Reading Response #4

The article “The Myth of the Level Playing Field” by âpihtawikosisân, is full of “myth” busting response of a so-called level playing field with Indigenous peoples in this now liberal democracy. She starts by taking rebuttal, such as; “Acknowledging the past is good enough”, “Equal access to rights has been achieved”, “Equality before the law will solve any problem”, and “Equal citizenship requires erasure of differences”.  I have realized after reading this article, I am just as guilty in this problematic thinking way; I thought without acknowledging my position in society and the positions of others. As if I assumed everyone is treated fairly because Canada screams multiculturalism.

It reminded me of something my mother would say, “fair, does not always mean equal”; clearly from a Canada stand point of view, it does not either. She describes Canada laws that traditionally favours certain privileged groups with a notice that “the richer you are, the more rights you have”. Following that paragraph, she states, “However, even liberal progressives are quick to acknowledge that legal equality does not necessarily translate to social equality, so why insist in the context of Indigenous peoples that the one will naturally follow the other?”. Is it not ironic that Canada still sends this normal narrative, that all culture are equal and will be treated as so?

In conclusion, the level playing field never existed- “There does not exist today a ‘level playing field’ upon which Indigenous peoples can benefit equally. Historic injustice did not cease at some magical moment to be replaced by contemporary fairness”. The past is not behind us and socially-injustice will continue if we think it is beyond us; So how will we change?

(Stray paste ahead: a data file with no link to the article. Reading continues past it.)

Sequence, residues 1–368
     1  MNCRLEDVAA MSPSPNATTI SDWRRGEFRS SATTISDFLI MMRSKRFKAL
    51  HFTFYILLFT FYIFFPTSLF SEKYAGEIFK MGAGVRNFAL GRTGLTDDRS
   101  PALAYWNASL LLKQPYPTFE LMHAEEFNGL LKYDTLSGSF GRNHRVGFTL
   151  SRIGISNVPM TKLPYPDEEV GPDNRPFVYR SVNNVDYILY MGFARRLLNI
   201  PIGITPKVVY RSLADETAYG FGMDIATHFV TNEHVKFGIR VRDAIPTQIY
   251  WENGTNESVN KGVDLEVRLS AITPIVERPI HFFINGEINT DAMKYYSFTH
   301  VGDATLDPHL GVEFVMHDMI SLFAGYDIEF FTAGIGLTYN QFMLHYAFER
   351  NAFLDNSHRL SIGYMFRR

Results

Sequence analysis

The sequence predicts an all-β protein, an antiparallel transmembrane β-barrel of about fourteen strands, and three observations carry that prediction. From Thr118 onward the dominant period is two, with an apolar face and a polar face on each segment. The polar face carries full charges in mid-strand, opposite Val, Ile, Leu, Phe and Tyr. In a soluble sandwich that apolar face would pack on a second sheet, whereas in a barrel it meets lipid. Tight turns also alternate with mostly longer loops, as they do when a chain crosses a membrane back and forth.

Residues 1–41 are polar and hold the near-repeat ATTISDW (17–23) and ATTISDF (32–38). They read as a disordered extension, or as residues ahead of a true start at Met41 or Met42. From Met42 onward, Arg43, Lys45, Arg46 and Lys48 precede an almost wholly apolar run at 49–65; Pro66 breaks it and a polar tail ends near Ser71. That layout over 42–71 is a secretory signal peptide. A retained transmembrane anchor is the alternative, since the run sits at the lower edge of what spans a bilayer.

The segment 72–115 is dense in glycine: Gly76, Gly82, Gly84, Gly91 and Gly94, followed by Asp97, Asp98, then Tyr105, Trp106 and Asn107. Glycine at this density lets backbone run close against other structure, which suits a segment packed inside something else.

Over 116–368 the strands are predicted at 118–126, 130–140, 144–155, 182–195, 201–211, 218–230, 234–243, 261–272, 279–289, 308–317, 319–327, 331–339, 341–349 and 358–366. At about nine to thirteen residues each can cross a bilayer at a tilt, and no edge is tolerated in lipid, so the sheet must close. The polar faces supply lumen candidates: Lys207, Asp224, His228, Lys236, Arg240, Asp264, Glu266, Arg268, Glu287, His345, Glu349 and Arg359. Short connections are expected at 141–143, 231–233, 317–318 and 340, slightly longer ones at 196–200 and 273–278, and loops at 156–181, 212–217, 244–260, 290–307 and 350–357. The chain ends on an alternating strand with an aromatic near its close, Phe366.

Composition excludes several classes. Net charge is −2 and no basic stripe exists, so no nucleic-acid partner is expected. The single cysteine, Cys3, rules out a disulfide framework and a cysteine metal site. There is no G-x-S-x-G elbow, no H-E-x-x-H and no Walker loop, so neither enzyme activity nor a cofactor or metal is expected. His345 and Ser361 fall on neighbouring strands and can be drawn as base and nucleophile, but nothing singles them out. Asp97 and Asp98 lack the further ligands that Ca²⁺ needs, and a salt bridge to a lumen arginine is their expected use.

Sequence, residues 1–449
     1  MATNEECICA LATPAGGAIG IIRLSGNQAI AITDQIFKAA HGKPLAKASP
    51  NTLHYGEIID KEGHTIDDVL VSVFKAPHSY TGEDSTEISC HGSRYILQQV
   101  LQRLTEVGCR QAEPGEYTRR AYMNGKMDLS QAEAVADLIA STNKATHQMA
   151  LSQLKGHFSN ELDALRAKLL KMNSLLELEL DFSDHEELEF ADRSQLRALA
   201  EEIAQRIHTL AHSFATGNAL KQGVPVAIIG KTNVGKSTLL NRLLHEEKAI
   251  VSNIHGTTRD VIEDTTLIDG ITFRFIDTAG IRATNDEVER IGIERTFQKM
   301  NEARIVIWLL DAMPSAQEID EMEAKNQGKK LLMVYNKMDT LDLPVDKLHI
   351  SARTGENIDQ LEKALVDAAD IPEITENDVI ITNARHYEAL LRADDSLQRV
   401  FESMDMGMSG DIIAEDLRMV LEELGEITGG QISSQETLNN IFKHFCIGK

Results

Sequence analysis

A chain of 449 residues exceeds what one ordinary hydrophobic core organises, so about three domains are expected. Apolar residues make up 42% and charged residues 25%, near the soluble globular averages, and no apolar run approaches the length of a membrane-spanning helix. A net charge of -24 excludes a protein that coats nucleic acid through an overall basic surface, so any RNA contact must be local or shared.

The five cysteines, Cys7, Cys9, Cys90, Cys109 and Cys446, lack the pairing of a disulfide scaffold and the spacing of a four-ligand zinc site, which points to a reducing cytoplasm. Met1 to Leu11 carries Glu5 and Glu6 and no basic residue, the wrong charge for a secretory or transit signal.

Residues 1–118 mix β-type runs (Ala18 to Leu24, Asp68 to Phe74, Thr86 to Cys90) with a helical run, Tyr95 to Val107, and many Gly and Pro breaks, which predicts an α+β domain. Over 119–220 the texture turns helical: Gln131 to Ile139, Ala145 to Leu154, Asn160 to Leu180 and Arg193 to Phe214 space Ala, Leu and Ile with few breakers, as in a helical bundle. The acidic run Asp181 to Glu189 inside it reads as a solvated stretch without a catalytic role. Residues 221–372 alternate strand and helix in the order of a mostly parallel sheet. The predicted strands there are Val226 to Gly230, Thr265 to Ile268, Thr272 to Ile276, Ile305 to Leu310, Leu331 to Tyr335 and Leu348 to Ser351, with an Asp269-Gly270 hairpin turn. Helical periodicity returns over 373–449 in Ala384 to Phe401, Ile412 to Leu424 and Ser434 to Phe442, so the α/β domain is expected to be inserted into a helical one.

One thought on “Reading Response #4

  1. Hi Brooklynn,

    I’ve also “assumed everyone is treated fairly because Canada screams multiculturalism,” so I understand the possible guilty feeling attached to that. I think it’s important to come to the realization that personal ways of thinking can be problematic, and in this context, also helpful knowledge moving forward.

    I like that you quoted âpihtawikosisân saying that “legal equality does not necessarily translate to social equality” making the comparison to a quote from your mother that said “fair, does not always mean equal”. These two quotes, however separate, go hand in hand as we look at Canada – especially when broadening our perspective from this normal narrative you speak about to Indigenous peoples.

    I think your use of direct quotes from the article supplements your writing positively, but in addition to this I would like to have heard more of your thoughts!



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